6.4. Prothrombin time (PT)

The prothrombin time is a laboratory test to assay the formation of a clot from the addition of tissue factor, phospholipids, and calcium to patient plasma. The key difference between the PT and the aPTT is the activating agent being tissue factor, which is believed to activate the clotting cascade through the extrinsic pathway associated with cellular or tissue injury. Although the traditional description of the clotting cascade being a waterfall cascade divided into the separate intrinsic and extrinsic pathways that converge at the common pathway is no longer technically valid, it is conceptually useful for teaching and some interpretation of coagulation tests [141]. The PT test is very sensitive to particular reagents used because the source of tissue factor and phospholipids was extraction from brain and other organs. As such, it is necessary to normalize patient results in the face of changing lot numbers or manufacturers by creating comparative assays on normal patients with no known liver dysfunction or oral anticoagulant use (e.g., warfarin). The World Health Organization (WHO) provides an international reference preparation of thromboplastin for calibration to create the international sensitivity index (ISI) for a given preparation, and this is what is currently used in most facilities [142]. For patients receiving heparin, the PT/INR is useful for determining the effects of disease on the liver-independent of lower doses of heparin. Patients who are septic typically exhibit an elevated INR due to derangement of the clotting cascade from multiple areas associated with sepsis and/or liver dysfunction [143]. Thus, the goal INR for a patient on ECMO receiving heparin therapy should be less than 1.5. For other anticoagulants, such the vitamin K antagonists (e.g., warfarin), DTIs, or the newer oral Factor Xa inhibitors, the PT/INR would be expected to be in the range of 2–3 or higher [144].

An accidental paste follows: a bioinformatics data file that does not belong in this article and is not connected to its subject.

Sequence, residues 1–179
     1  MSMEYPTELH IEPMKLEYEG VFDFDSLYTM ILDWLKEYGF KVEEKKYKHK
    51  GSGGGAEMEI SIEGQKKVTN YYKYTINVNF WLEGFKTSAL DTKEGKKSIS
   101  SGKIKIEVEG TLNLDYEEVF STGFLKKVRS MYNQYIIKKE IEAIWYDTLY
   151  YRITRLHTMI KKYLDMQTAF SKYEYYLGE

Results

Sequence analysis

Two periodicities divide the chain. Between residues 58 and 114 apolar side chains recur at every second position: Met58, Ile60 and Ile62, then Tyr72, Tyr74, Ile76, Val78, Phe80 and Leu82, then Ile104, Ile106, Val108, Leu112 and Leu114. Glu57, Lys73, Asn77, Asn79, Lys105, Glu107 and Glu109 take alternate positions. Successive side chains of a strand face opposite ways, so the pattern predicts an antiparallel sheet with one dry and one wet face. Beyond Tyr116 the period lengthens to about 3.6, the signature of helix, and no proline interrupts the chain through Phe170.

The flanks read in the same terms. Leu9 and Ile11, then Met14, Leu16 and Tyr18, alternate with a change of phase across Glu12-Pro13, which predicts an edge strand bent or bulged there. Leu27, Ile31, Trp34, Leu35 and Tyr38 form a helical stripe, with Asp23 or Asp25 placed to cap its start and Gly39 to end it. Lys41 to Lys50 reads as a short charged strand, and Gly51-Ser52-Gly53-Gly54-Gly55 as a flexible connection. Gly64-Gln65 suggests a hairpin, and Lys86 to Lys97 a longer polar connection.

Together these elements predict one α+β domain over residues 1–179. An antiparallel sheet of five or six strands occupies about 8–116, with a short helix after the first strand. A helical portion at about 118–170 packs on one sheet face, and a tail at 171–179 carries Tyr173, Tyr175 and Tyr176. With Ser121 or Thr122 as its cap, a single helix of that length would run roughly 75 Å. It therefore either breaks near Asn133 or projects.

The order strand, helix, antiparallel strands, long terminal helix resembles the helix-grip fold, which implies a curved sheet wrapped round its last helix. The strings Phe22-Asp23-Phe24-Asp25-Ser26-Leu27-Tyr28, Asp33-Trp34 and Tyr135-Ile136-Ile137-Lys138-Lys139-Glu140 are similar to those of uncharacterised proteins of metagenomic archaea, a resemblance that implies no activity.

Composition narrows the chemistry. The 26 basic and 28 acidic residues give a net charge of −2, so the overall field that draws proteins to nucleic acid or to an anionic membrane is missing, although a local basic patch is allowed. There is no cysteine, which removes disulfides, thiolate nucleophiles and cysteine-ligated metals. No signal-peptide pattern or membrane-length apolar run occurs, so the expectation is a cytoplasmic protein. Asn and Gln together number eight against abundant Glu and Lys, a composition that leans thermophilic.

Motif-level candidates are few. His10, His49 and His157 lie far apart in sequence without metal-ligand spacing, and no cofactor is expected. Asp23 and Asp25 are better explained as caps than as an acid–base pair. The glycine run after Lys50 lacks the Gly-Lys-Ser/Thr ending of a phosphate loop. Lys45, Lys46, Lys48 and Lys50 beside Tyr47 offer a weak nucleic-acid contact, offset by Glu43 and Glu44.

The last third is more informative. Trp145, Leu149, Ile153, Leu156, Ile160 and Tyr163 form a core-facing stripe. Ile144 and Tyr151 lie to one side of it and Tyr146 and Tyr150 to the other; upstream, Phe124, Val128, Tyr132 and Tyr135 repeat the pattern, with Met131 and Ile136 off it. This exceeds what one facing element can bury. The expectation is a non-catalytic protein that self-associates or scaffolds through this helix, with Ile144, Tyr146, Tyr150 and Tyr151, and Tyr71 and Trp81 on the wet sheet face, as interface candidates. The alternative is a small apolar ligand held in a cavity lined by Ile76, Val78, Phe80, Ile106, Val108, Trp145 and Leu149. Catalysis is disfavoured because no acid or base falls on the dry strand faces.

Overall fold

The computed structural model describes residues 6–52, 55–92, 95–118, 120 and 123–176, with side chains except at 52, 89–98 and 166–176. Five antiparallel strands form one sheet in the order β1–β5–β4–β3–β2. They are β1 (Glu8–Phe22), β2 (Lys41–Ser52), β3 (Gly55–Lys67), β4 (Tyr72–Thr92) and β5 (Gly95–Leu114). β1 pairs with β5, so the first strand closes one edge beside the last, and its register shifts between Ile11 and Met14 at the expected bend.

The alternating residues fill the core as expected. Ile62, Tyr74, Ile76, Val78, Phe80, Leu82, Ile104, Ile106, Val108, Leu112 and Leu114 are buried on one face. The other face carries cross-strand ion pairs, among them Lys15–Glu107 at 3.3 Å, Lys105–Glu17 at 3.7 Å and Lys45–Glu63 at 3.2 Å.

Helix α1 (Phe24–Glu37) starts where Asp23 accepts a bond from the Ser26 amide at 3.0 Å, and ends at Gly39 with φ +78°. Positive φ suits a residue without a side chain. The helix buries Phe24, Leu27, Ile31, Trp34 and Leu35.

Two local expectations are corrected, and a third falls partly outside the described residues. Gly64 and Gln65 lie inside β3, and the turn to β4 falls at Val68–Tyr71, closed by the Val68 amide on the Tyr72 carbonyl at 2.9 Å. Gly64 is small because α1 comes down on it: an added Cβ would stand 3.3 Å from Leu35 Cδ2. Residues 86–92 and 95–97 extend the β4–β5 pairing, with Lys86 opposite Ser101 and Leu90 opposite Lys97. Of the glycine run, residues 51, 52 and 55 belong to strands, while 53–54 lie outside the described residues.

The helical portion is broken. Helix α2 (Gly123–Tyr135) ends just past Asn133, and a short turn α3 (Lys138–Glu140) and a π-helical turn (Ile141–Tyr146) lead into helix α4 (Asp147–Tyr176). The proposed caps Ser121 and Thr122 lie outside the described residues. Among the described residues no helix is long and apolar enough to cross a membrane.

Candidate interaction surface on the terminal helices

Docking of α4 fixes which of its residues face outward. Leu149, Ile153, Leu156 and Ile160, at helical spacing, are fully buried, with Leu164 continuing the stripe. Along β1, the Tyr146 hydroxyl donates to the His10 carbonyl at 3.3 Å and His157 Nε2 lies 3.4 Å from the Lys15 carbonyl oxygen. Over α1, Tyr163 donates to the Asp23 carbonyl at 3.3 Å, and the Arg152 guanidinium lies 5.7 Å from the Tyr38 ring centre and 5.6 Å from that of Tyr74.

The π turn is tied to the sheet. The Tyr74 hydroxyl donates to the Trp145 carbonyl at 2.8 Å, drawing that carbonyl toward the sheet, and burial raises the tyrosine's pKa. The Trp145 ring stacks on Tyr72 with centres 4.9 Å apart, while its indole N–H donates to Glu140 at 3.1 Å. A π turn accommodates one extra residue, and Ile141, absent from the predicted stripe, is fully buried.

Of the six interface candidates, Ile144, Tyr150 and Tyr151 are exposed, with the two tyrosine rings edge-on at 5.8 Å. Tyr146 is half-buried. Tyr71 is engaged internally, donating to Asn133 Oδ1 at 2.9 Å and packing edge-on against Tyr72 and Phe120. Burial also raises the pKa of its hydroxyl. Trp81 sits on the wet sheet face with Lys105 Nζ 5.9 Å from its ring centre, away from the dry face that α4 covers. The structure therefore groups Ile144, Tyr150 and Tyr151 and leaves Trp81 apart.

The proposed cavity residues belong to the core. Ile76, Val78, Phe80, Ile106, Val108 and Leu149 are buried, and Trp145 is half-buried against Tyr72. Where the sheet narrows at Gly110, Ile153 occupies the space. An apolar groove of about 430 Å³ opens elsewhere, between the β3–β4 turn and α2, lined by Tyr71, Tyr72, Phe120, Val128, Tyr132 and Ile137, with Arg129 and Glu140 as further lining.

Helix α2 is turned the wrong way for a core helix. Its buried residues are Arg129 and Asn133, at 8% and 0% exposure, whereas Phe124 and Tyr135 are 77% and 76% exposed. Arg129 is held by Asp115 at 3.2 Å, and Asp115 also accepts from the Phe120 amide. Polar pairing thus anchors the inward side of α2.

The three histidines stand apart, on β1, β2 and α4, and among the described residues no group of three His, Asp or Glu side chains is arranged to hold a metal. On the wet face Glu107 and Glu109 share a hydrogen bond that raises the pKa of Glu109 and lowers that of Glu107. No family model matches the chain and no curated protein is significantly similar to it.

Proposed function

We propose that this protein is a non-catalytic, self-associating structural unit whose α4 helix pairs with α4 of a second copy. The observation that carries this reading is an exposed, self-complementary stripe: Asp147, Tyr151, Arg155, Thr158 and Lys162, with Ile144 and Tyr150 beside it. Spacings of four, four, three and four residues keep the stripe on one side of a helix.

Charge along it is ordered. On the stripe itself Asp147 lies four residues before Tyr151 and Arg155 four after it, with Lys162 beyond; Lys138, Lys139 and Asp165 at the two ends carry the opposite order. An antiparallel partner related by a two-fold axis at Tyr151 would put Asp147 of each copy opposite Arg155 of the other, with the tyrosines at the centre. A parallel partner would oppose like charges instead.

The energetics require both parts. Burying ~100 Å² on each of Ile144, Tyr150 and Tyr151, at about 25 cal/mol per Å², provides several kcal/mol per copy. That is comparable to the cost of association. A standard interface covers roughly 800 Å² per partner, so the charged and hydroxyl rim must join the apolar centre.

6.5. Anti-Xa assay

The anti-Xa assay is a chromogenic laboratory assay for determining the effective heparin concentration in patient plasma. It is typically conducted by combining patient plasma (containing UFH or LMWH) with an exogenous amount of factor Xa followed by a chromogenic reaction for unbound factor Xa. Thus, more the color change, the less the heparin/AT complex interacted with factor Xa, and therefore the lower the drug level. The test is highly sensitive to the relationship between heparin and AT; meaning that even with high levels of UFH or LMWH, an AT deficiency will have more unbound factor Xa and read as a low heparin level. Most importantly, this test does not measure thrombosis generation or the impact of heparin (UFH or LMWH) or oral Xa inhibitors on the ultimate generation of thrombin [145]. While the test is valuable in helping clinicians achieve stable heparin drug levels and eliminate inconsistency in the aPTT testing [146], patients on ECMO may have a complex underlying derangement in the balance of their clotting factors. It is important to keep in mind that the coagulation system is a series of enzymatic reactions, and having more substrate should naturally require more inhibitor to control the balance. For example, an increased presence of fibrinogen (i.e., hyperfibrinogenemia >500 mg/dL) or thrombin may tip the coagulation cascade towards pro-thrombotic requiring additional anti-Xa levels (i.e., more heparin) to modulate hemostasis. The expected range of anti-Xa levels on UFH therapy (0.3–0.8 IU/mL), however, should be accompanied by further coagulation testing to determine the actual effect. Xa levels of 0.3–0.8 IU/mL normally correlate with an aPTT of 90–110 seconds [147]. Because the aPTT is dependent upon the reagents used, individual ranges must be established at each institution in accordance with the College of American Pathologists’ recommendations [148]. Even within the same institution, individual patients on ECMO may have variations in their underlying coagulation system or treatment that impacts the correlations between heparin levels and their coagulation tests [126].